I love me a good apron. I have a handful that I wear and depending on the situation, I use a certain apron. I have a holiday apron, I have my "chicken" apron that I wear whenever working the Chicken BBQ at church, I have my "funeral volunteer" apron and I have aprons to share should anyone require an apron while at my home or away (I always bring extra.) And to be perfectly honest, I don't always wear an apron when cooking. I should, because I can make a mess like no ones business but nonetheless, I have aprons available should the need arise.
A close family friend gave me this apron for Christmas. A neighbor friend of hers makes these aprons and they are just about adorable. The apron came with this clever little sheet giving the history of the apron and it reminded me of my great grandmothers who always wore an apron over their clothes. I'm going to share it with you. I wish I could give the appropriate credit for this information, but suffice if to say, we probably could all picture a loved one in our head using their apron for one of these purposes. (Unless, of course you're really young and don't have any apron memories as they fell out of style for a few decades.) I for one, am glad they're back.
The History of Aprons
Remember making an apron in Home Ec? I don't think our kids know what an apron is....
The principle use of Grandma's apron was to protect the dress underneath, because she only had a few, it was easier to wash aprons than dresses and they used less material, but along with that, it served as potholder for removing hot pans from the oven.
It was wonderful for drying children's tears and on occasion was even used for cleaning dirty ears...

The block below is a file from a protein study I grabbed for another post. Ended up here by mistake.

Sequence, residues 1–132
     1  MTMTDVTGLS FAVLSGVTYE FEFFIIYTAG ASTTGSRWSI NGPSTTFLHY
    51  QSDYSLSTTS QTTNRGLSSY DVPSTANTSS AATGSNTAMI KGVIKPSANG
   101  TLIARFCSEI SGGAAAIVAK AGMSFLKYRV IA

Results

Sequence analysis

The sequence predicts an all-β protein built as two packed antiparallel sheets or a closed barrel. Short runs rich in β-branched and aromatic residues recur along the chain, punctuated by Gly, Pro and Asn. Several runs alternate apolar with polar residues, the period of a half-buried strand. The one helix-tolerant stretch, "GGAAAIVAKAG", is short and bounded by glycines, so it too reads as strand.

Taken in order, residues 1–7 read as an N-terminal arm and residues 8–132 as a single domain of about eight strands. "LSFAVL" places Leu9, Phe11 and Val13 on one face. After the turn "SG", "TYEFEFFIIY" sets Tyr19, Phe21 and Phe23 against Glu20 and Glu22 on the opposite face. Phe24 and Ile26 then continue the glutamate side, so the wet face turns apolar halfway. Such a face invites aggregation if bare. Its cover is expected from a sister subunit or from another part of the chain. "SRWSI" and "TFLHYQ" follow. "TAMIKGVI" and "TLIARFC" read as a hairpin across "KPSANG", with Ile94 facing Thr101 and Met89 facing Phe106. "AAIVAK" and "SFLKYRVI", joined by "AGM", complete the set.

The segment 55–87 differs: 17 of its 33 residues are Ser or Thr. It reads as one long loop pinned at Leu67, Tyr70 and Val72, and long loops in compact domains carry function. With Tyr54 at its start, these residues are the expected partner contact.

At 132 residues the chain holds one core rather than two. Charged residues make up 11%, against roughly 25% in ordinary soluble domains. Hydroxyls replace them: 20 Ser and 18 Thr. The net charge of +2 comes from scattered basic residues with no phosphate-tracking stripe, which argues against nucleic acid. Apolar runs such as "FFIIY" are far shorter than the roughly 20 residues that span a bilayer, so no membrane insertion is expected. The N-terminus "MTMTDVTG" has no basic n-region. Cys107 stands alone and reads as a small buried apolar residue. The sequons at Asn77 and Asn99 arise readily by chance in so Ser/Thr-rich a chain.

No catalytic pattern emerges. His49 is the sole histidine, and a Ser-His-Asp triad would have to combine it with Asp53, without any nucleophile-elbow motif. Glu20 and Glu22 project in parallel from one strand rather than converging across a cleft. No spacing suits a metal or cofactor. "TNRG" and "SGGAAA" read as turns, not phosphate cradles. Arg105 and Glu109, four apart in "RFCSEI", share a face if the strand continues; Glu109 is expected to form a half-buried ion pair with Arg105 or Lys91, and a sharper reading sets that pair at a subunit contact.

From the chicken coop, the apron was used for carrying eggs, fussy chicks and sometimes half hatched eggs to be finished in the warming oven.
When company came, those aprons were ideal for hiding shy kids.
And when the weather was cold, Grandma wrapped it around her arms.
Those giant old aprons wiped many a perspiring brow bent over the hot wooden stove...
Chips and kindling wood were brought into the kitchen in that apron.
From the garden it carried all sorts of vegetables. After the peas had been shelled it carried out the hulls.
In the fall, the apron was used to bring in apples that had fallen from the trees.
When unexpected company drove up the road, it was surprising how much furniture that old apron could dust in a matter of seconds.
When dinner was ready, Grandma walked out onto the porch, waved her apron and the menfolk knew it was time to come in from the fields to dinner.
It will be a long time before someone invents something that will replace that "old-time apron" that served so many purposes.
They would go crazy now trying to figure how many germs were on that apron. I never caught anything but love from that apron!
Do you have any apron memories, photos or uses? Share them with us!